Congenital Pseudarthrosis of the Tibia

Patient with congenital pseudarthrosis

 

Congenital pseudarthrosis of the tibia (CPT) refers to nonunion of a tibial fracture that develops spontaneously or after a minor trauma. A pseudarthrosis is defined as a “false joint” and is a break in the bone that fails to heal on its own. The pseudarthrosis usually develops within the first two years of life; however, there have been reported cases of CPT development before birth as well as later in life.

Congenital pseudarthrosis of the tibia is a very rare condition, occurring in only 1 out of 250,000 births. The cause of CPT is currently unknown; however, there is a strong association with neurofibromatosis in 50% of cases and and an association with fibrous dysplasia in 10% of cases. Reports indicate the pathologic processes of CPT are linked to the periosteum, which forms the outer layer of bones and is crucial for regrowth following a fracture. Patients with CPT have a thick scar layer surrounding their bones rather than the periosteum. For this reason, once a fracture has occurred it will not heal spontaneously. The current theory on the mechanism of CPT is that there is a lack of blood supply to the periosteum caused by an accumulation of nerve cells that destroy the blood vessels connected to the periosteum. This leads to low oxygen in the periosteum (known as hypoxemia). Since the periosteum is responsible for bone growth, this results in weakening of the bone.

Classification Systems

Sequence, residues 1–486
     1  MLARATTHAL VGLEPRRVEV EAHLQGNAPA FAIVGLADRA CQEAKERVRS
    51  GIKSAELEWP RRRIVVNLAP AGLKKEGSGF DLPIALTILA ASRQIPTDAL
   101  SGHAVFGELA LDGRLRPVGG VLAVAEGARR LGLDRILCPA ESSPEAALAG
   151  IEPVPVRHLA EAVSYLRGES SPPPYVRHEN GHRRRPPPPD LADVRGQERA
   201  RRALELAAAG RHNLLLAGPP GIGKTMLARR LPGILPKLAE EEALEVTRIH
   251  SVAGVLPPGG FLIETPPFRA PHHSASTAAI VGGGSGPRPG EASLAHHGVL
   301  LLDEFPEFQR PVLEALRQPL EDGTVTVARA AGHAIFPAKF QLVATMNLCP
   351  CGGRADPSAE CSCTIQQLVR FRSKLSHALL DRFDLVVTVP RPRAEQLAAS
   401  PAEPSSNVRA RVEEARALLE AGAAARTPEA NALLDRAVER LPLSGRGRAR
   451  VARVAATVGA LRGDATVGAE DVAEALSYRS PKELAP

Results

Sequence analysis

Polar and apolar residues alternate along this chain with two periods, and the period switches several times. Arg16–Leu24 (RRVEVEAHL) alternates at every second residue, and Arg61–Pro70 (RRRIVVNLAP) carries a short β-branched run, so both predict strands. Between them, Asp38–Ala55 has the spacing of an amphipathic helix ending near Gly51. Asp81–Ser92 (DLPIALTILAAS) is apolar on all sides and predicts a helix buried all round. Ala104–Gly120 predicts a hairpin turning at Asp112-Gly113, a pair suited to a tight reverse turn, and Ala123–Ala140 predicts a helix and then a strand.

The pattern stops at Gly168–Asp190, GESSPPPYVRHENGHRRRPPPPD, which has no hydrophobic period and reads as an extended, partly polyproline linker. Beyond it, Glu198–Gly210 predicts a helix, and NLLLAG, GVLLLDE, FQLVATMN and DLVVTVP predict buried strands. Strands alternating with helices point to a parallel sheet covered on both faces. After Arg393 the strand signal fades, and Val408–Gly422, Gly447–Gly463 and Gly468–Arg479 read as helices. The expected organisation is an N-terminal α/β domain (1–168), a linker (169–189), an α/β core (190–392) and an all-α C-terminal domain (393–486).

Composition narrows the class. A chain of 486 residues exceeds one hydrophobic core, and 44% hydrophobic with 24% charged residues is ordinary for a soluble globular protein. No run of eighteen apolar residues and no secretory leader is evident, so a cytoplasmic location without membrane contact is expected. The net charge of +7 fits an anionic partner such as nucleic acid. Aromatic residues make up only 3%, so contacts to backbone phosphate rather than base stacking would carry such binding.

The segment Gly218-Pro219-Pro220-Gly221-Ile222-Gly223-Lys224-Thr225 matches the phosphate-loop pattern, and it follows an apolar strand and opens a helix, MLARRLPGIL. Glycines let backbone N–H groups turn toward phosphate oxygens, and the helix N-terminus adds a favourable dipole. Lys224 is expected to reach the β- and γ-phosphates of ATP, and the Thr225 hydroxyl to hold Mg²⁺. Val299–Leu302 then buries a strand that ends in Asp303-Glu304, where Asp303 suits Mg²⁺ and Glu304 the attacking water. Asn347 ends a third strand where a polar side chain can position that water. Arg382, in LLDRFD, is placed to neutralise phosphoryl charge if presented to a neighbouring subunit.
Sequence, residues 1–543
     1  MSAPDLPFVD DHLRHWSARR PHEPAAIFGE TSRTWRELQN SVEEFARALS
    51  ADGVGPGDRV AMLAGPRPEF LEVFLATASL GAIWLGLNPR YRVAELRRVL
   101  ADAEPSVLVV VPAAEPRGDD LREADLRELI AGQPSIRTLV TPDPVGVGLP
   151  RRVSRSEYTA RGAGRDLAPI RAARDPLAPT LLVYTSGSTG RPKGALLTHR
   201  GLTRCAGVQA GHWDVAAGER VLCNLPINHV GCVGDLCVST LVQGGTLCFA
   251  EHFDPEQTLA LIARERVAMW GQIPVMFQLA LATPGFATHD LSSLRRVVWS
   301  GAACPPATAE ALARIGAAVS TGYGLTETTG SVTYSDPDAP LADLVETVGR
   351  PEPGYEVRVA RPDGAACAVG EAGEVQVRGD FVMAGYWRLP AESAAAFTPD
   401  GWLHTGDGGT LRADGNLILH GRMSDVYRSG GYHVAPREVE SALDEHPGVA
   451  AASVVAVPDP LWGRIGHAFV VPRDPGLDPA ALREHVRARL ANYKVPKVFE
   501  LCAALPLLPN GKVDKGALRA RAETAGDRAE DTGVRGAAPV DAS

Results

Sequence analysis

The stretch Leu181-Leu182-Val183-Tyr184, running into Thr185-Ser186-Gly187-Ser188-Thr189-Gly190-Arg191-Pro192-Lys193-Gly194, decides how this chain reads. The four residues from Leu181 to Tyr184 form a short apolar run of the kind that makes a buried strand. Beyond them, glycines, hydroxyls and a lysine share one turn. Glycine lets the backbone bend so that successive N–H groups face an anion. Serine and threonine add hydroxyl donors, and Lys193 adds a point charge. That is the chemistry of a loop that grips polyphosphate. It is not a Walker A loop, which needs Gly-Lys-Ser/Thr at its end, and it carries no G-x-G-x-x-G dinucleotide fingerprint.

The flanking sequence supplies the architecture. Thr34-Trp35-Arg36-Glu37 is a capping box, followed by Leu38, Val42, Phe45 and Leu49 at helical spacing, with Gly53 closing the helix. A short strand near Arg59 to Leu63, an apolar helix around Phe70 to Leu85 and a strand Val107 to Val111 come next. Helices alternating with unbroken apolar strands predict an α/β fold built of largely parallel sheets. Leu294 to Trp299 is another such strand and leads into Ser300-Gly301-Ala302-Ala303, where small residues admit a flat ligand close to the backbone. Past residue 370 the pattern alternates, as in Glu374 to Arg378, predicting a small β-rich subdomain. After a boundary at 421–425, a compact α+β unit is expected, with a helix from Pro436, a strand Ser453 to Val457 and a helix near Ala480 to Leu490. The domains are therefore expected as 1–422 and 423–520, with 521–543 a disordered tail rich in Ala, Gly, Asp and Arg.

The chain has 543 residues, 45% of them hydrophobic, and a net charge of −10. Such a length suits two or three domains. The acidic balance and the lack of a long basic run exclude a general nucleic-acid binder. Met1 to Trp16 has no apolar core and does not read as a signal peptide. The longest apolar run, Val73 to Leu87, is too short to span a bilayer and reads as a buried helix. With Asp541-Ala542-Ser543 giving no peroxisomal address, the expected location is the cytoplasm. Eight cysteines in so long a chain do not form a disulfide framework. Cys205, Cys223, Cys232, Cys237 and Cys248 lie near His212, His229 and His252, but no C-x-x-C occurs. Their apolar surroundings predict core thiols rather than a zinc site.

Classification systems of CPT based on onset, mobility, and x-rays have been proposed. Difficulties of classification, however, have arisen because the condition includes different clinical and pathological entities each with a different history and prognosis. For example, classification systems based on the appearance of the tibia can become confusing since the appearance can change during treatment.

Dr. Paley, in conjunction with Dr. El-Rosassy, developed a classification system designed to indicate prognosis and treatment. The El-Rosassy-Paley classification system divides CPT into three types based on two criteria: the geometry of the bone ends and how mobile they are—that is, whether the bone ends at the pseudarthrosis are thick and stiff or thin and mobile. Another important consideration in the El-Rosassy-Paley classification is whether the patient has undergone a previous, unsuccessful surgery.

  • Type 1
    • Atrophic (narrow) bone ends
    • Mobile pseudarthrosis
    • No previous surgery
  • Type 2
    • Atrophic (narrow) bone ends
    • Mobile pseudarthrosis
    • Previous unsuccessful surgery
  • Type 3
    • Hypertrophic (wide) bone ends
    • Stiff pseudarthrosis

Congenital pseudarthrosis of the tibia remains one of the most challenging and misunderstood conditions in orthopedics. The difficulty of treatment lies in the weak healing power at the fracture site, a tendency to refracture after treatment, and the difficulty of stabilizing small osteoporotic bone fragments in small children. Even in cases where a union has been achieved, there is a difficulty in maintaining it. Frequently, the end result is a frustrated child and family who have been through multiple failed surgeries and remain with a limb that is short, deformed, and almost functionless. For this reason, many orthopedic surgeons recommend amputation, particularly after a third failed surgery. 

Dr. Paley has worked to improve the results of treatment for CPT for 28 years. He has published 4 papers on this subject during this time. His latest method, which has remained unchanged since 2007, has resulted in 100% union and zero refractures. This is an unprecedented statistic for this debilitating condition. The success rate has become so consistent that we no longer consider this a difficult problem to treat at the Paley Institute, which is in great contradistinction to everywhere else.

For a comprehensive overview on Congenital Pseudarthrosis of the Tibia and how we treat it, please see Dr. Paley's book chapter Congenital Pseudarthrosis of the Tibia

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